Jaranwala Christians hold Sunday services at desecrated churches

    Christians in Jaranwala sat among the rubble of one of their ransacked churches for the first Sunday service since a mob rampaged through their neighbourhood.

    Several of their homes and churches were vandalised in the hours-long riot on Wednesday, after allegations that a copy of the Quran was desecrated spread through the city.

    Some are sheltering at a government school or staying with relatives while the local government has promised to rebuild their homes. Hundreds of Christians fled the violence in Jaranwala, many unable to return yet — their houses gutted and broken contents strewn across the street.

    Christians stand outside a vandalised church during Sunday service. Photo Kross Konnection

    On Sunday, around 200 Christians sat in chairs set up in a narrow alley alongside the main Salvation Army Church — its cross still missing after being ripped down by the crowds.

    “We used to come here without any fear but today we need the police,” 29-year-old housewife Nosheen Farman, who cannot yet return to her burned home, told AFP.

    “We did not bring our children, the ones who we teach that they must come to church.”

    A choir girl sang alongside a tabla player, as dozens of security personnel guarded the area.

    The crowds joined their hands together in prayer, except to occasionally wipe their eyes.

    Many of the attendees had come from surrounding cities to show support.

    The mass was led by Church of Pakistan President Bishop Azad Marshall who was accompanied by bishops of the Faisalabad, Multan and Sialkot dioceses, and local leaders of The Salvation Army.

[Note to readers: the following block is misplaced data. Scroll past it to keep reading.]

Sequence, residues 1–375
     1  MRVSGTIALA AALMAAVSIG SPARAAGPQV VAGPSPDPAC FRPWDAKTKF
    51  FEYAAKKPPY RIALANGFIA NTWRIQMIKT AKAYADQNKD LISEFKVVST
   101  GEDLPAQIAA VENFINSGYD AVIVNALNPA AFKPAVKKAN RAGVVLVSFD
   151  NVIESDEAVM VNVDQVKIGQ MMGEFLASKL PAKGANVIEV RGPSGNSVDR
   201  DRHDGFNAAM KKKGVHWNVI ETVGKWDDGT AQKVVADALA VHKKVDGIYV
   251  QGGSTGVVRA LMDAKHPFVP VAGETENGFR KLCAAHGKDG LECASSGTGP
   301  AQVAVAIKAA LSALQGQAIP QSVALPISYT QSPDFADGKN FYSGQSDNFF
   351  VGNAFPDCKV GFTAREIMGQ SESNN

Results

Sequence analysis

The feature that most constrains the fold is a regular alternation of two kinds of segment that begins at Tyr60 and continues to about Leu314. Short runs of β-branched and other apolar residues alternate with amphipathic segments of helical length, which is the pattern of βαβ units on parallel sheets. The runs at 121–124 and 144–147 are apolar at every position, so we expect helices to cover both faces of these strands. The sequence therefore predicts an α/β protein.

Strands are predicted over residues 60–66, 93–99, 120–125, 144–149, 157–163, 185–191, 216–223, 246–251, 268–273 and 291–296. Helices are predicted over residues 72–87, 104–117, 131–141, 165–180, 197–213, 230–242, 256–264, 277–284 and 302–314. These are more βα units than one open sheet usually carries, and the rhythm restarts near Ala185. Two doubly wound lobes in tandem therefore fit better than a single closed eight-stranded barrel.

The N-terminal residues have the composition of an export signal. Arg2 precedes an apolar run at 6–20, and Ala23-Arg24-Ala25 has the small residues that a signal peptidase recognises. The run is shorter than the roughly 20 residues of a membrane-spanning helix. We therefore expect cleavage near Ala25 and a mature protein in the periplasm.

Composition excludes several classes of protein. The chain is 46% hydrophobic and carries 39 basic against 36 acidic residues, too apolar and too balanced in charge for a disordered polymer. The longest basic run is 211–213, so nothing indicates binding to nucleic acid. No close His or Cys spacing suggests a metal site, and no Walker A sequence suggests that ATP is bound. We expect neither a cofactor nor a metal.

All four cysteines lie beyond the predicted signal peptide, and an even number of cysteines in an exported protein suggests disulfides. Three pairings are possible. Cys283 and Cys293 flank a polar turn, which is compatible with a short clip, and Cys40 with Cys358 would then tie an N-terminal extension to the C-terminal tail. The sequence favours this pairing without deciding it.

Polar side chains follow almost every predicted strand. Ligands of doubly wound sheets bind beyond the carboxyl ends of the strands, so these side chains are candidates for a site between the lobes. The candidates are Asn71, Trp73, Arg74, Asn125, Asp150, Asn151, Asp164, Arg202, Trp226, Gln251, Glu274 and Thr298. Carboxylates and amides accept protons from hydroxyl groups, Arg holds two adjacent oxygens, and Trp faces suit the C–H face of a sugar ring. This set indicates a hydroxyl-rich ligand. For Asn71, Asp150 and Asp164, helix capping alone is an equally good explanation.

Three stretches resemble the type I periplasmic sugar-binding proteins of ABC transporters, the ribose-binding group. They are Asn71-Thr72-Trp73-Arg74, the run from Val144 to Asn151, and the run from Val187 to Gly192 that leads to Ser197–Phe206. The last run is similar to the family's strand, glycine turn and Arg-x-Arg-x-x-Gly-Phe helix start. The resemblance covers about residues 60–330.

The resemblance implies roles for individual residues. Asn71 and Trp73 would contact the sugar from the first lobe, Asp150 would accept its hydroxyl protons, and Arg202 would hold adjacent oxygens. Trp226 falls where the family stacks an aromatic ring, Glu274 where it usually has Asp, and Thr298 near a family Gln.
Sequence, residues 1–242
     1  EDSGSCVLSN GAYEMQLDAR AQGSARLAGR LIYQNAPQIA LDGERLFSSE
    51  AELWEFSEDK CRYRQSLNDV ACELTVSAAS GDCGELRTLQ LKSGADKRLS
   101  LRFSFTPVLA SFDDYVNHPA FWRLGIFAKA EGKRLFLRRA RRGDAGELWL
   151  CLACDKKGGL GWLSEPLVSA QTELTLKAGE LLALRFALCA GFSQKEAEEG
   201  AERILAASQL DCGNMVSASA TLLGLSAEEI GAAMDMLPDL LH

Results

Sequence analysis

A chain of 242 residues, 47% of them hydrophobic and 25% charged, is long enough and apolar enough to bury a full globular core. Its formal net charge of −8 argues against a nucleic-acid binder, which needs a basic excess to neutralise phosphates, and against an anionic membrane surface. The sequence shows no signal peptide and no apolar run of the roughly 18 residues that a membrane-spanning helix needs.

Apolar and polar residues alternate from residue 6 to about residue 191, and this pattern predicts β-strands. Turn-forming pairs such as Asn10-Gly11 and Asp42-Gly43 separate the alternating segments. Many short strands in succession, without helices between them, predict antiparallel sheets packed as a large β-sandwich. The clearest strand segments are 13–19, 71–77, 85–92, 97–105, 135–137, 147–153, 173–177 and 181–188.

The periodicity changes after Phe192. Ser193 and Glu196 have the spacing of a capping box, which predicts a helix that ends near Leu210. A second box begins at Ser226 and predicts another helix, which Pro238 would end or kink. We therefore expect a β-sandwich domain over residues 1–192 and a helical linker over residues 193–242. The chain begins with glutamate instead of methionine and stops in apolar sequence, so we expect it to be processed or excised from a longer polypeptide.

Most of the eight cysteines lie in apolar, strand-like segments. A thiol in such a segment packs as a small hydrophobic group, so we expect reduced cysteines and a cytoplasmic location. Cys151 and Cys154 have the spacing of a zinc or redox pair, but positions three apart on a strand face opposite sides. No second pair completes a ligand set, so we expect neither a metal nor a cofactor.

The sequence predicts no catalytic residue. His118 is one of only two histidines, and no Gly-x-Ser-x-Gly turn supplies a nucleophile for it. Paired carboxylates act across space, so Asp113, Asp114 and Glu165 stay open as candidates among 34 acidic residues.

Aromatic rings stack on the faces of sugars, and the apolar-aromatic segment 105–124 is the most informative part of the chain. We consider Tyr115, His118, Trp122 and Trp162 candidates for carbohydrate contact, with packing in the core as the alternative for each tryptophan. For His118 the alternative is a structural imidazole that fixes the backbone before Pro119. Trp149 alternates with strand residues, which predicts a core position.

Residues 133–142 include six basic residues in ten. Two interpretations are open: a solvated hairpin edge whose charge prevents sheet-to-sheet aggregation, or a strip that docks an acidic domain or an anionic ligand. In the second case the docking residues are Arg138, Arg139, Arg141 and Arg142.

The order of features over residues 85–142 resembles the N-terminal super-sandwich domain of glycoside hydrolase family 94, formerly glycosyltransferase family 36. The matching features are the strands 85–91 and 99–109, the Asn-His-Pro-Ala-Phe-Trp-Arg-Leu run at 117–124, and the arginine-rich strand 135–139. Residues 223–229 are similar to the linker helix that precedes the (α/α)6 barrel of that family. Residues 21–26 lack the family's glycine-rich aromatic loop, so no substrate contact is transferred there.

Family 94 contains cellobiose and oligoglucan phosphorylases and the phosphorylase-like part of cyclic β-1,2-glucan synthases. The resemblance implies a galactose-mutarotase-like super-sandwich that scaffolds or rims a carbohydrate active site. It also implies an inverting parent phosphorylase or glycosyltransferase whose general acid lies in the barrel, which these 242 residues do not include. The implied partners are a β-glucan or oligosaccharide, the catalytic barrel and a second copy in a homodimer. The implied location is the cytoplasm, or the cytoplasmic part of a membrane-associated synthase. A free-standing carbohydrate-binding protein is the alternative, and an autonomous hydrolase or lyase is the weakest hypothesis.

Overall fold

In his sermon, the senior church leader spoke on perseverance and encouraged all Christians, especially those who have suffered losses, to remain steadfast in their faith.

    The church leaders also lit a candle together to express solidarity with the victims and give a message of hope to their beleaguered community members.

    While the church was too damaged to host the service, Christians entered in small groups to survey the blackened windows and cracked ceilings.

    “After the recent incident, we have a lot of security doubts. We are wondering whether we are safe or not,” said 32-year-old Sara Ejaz, a teacher who is staying with relatives nearby.


    “These buildings and houses will be restored, but it will be difficult for girls and children to come out of this trauma. They will always remember the terror they faced, that they had to flee their own homes,” said 44-year-old Samson Salamat.

    View of a burnt house in Christian Town. Photo Kross Konnection

    More than 125 people linked to the vandalism have been arrested, with 12 others being investigated for using mosque loudspeakers to call people to protest, according to Punjab Inspector General of Police Usman Anwar.

    Two Christian brothers have also been arrested on allegations of blasphemy.

    Punjab’s Caretaker Chief Minister Mohsin Naqvi made a brief visit to the affected areas and after a meeting with the church leaders, announced that the government would give a compensation of Rs 2 million each to the affected families.

    He also announced that the district peace committee had offered to allow Christians to hold their prayer services in mosques till the time their churches were restored.